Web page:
Life's Little Mysteries

Why Are Most Animals Promiscuous?

Til death do us part is not a common theme for the animal kingdom. This might be a good thing it turns out that rampant promiscuity fends off disease, bad genes, and may actually keep species from going extinct.

The more different males and females look in a species, the more polygamous they're likely to be.

Why they do it

Males have very different reasons for having multiple mates than females. They attempt to mate with many females to spread their genes by producing many offspring.

Females, on the other hand, can get just as pregnant by mating with one male as they can with 20. But that's not to say females have any less sex than males.

On average, males have to have as many mates as females, says Marlene Zuk, an evolutionary biologist at the University of California at Riverside.

So why do females sleep around?

Females are trying to maximize the genetic diversity of their offspring and have a litter or clutch with different dads, said Zuk. Maybe one of the gene sets will have an advantage in different circumstances.

In other cases, Zuk said, females need help raising their young . The more males she mates with, an approach called polyandry, the greater the chance that at least one will stick around the nest and help coordinate baby care. Some males even get tricked into raising offspring that aren't theirs.

Circumstances in the environment can sway females to mate more frequently. For example, in exchange for sex, male katydids (which are relatives of crickets) provide sperm and an edible nuptial gift full of nutrients that, Zuk said, looks like Jell-O. When food is scarce, female katydids compete with each other for more sex and more of these nuptial gifts.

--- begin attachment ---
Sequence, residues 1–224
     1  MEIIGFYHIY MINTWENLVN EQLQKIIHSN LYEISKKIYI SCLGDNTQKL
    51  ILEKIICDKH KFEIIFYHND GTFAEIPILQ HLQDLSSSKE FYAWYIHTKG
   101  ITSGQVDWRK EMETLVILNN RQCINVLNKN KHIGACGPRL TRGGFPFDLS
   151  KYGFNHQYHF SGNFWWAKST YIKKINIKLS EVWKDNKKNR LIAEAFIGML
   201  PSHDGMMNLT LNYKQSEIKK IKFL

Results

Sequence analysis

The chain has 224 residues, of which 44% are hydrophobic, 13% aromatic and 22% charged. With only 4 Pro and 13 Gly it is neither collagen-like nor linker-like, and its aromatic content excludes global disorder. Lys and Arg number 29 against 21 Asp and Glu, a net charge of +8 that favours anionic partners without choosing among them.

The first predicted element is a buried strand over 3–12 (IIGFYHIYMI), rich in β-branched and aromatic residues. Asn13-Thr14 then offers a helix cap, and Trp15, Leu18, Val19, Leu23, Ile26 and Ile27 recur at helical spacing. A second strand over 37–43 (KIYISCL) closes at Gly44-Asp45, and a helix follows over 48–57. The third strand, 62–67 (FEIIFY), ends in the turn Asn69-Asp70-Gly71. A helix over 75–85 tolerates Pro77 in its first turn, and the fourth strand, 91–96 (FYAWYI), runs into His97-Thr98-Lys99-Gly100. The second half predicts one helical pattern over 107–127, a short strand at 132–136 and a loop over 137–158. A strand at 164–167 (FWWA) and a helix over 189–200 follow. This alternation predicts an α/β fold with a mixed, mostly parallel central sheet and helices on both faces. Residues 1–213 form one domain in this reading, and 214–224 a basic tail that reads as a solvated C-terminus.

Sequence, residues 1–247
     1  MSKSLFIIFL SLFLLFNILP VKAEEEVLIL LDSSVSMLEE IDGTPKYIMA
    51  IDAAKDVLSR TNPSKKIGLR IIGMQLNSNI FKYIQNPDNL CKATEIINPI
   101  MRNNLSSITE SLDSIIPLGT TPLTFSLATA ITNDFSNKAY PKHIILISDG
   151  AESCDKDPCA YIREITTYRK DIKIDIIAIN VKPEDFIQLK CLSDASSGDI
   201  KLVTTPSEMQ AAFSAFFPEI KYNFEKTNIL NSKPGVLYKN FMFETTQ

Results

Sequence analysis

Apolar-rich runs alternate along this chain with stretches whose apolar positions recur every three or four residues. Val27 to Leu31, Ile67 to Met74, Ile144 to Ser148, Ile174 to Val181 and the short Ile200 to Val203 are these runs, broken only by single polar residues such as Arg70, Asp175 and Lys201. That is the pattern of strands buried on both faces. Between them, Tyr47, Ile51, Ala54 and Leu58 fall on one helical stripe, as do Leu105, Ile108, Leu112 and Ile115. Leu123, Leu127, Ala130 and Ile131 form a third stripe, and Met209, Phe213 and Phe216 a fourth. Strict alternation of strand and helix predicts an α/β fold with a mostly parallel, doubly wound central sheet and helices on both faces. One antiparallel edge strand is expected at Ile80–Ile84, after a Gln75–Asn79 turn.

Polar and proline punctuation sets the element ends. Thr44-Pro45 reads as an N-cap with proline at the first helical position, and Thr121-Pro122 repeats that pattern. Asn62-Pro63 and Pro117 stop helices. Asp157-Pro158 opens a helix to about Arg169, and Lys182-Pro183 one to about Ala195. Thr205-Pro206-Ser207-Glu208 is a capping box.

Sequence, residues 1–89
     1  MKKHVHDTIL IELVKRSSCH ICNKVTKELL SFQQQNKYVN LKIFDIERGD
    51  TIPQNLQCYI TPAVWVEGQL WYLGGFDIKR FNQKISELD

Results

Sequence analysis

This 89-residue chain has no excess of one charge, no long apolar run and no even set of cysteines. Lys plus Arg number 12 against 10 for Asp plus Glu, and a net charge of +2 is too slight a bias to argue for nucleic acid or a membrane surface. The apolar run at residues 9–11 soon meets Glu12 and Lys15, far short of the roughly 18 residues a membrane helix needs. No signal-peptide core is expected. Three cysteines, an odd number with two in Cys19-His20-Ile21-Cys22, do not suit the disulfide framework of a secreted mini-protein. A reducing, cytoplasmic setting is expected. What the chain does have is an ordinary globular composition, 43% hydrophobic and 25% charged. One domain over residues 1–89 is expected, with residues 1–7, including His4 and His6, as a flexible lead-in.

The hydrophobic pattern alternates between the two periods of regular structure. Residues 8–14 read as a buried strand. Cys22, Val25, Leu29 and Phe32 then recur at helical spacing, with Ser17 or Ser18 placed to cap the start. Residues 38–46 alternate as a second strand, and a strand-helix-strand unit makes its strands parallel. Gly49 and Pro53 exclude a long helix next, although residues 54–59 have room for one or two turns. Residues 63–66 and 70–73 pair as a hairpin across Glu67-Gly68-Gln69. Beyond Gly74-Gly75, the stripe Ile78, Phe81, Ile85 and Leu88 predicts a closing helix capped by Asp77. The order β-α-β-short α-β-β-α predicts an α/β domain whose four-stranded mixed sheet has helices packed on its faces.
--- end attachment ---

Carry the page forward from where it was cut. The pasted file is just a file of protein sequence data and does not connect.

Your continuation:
Evolutionary advantage?

The widespread tactic of polyandry could even prevent extinction.

Females who have many mates lower their risk of having all-female offspring and passing on a chromosome that distorts the sex ratio of future generations, according to a 2010 study conducted at the Universities of Exeter and Liverpool in the United Kingdom. More mates, the researchers suggested, guarantees females will produce a balance of males and females.

The most polyandrous creature on earth could be the rough periwinkle a tiny sea snail native to coastlines in the North Atlantic. Many males take part in producing each clutch of offspring. In fact, scientists at the University of Gothenburg in Sweden recently discovered that the average 70 offspring females have at one time share 19 fathers. These male snails will mate with any female they come across, and researchers suggest that the females may just put up with them.

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Corey Binns lives in Northern California and writes about science, health, parenting, and social change. In addition to writing for Live Science, she's contributed to publications including Popular Science,, Scholastic, and the Stanford Social Innovation Review as well as others. She's also produced stories for NPR’s Science Friday and Sundance Channel. She studied biology at Brown University and earned a Master's degree in science journalism from NYU. The Association of Health Care Journalists named her a Centers for Disease Control and Prevention Health Journalism Fellow in 2009. She has chased tornadoes and lived to tell the tale.